Although Chevron argues that the district court erred by relying on Radloff's and Sayre's testimony and the treatises, we have recognized that a trial court's reliance on individuals experienced in a particular field for the purposes of obtaining explanation of the technical meaning of terms used in the industry is "prudent." See Phillips Oil Co. v. O.C., Corp., 812 F.2d 265, 281 (5th Cir. 1987). "In construing a specific contractual term, we must give consideration to the meaning attributed to that term in the industry." Personal Preference Video, Inc. v. HBO, 986 F.2d 110, 114 (5th Cir. 1993). Additionally, we reject Chevron's challenge to Sayre's testimony under Daubert v. Merrell Dow Pharm., Inc., 509 U.S. 579, 589-90, 113 S. Ct. 2786, 125 L. Ed. 2d 469 (1993), because Sayre's credentials adduced at trial establish that he was qualified to render expert testimony. We will not upset a district court decision to rely on expert testimony absent a showing of abuse of discretion. See Moore v. Ashland Chemical Inc., 151 F.3d 269, 274 (5th Cir. 1998) (en banc) (citing General Electric Co. v. Joiner, 522 U.S. 136, 118 S. Ct. 512, 139 L. Ed. 2d 508 (1997)). Chevron does not show that the district court abused its discretion.
Therefore, based on our review of the agreement and the pertinent portions of the record, we agree with the districtcourt's interpretation of "same or related origins to same or related destinations."6
b. Merger Doctrine
Chevron claims that the district court improperly applied the merger doctrine and ruled that the favored nations clause in Section 20 of Contract 6018 was not applicable to any of the Connecting Carrier Contracts or shipments. Thus, under the district court's ruling, shipments made under the Connecting Carrier Contracts could not be used to identify Section 20 violations. This had the effect of limiting the amount of damages Chevron could claim.
Contract 6018 provided that:
Chevron and Carriers are in the process of negotiating through rates (Base Rates) and until such through rates are agreed upon and are included in the Agreement or other Agreements to which Chevron and Carriers are party (with or without additional carrier), the published tariff rates will apply, less refund allowances shown in the attached addendums.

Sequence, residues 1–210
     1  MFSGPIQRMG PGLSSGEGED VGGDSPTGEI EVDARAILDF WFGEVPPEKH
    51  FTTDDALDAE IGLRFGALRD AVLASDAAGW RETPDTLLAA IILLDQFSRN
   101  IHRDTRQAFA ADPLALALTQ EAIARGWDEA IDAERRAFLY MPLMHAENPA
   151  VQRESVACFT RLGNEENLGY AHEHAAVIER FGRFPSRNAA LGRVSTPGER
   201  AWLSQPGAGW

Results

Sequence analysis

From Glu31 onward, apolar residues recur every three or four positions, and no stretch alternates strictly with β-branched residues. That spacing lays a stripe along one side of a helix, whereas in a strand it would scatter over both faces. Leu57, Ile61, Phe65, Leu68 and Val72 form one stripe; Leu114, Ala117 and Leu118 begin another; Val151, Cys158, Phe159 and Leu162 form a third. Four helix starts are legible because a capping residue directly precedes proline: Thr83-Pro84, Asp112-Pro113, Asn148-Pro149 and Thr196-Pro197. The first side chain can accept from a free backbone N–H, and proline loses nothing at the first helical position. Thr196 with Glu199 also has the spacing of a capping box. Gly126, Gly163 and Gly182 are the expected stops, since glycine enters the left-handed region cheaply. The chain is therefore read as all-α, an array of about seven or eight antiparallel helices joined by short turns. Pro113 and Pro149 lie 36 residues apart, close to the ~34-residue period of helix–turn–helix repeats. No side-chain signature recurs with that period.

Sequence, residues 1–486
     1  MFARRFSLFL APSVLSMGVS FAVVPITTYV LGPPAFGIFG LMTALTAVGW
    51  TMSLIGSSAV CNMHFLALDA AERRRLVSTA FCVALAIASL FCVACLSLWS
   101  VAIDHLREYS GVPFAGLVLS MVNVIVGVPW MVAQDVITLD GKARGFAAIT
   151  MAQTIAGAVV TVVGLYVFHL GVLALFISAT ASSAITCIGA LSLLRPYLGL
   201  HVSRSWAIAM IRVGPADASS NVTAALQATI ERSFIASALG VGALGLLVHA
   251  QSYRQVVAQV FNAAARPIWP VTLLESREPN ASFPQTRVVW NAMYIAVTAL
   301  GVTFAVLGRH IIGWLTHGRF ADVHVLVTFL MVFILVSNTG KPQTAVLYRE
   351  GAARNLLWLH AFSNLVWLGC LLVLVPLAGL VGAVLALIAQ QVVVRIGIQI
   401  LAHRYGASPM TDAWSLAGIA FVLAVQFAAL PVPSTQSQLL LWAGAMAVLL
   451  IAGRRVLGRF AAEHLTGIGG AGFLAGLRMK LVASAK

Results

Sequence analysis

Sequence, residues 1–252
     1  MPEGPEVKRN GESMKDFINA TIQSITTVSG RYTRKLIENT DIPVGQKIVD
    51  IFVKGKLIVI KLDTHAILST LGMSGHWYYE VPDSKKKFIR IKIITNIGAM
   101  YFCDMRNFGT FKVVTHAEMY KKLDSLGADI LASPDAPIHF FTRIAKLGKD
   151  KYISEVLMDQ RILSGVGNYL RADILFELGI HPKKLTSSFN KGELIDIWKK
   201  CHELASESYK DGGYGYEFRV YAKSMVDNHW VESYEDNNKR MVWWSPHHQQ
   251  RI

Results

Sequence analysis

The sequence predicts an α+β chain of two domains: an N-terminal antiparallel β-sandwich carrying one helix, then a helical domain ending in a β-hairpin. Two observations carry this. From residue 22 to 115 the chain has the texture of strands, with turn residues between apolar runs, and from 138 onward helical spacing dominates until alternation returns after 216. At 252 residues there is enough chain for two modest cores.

Some of the through rates included "interline shipments." Interline shipments involved shipments to destinations that were not covered under the Railroads' lines. As such, connecting carriers were used to transport products from the Railroads lines to destinations on the connecting carriers' lines. Consequently, separate shipping agreements with the individual connecting carriers were negotiated to provide connecting services. Thus, the question before us is whether Section 20 of Contract 6018 applied to the separate and subsequent Connecting Carrier contracts.
The district court applied the merger doctrine and ruled that the subsequent Connecting Carrier contracts did not incorporate Section 20 of the Contract 6018. The "merger doctrine" is an analogue of the parol evidence rule. Merger refers to the absorption of one contract into another subsequent contract and is largely a matter of the intention of the parties. See Pittman v. Lightfoot,, 937 S.W.2d 496, 529 (Tex. App. - San Antonio 1996, no writ): Leon Ltd. v. Albuquerque Commons Partnership, 862 S.W.2d 693, 701 (Tex. App. -El Paso, 1993, no writ). Before one contract is merged into another, the subsequent contract must: (1) be between the same parties as the first; (2) embrace the same subject matter; and (3) must have been so intended by the parties. See Albuquerque, 862 S.W.2d at 700; Smith v. Smith, 794 S.W.2d 823, 827 (Tex. App. -Dallas 1990, no writ).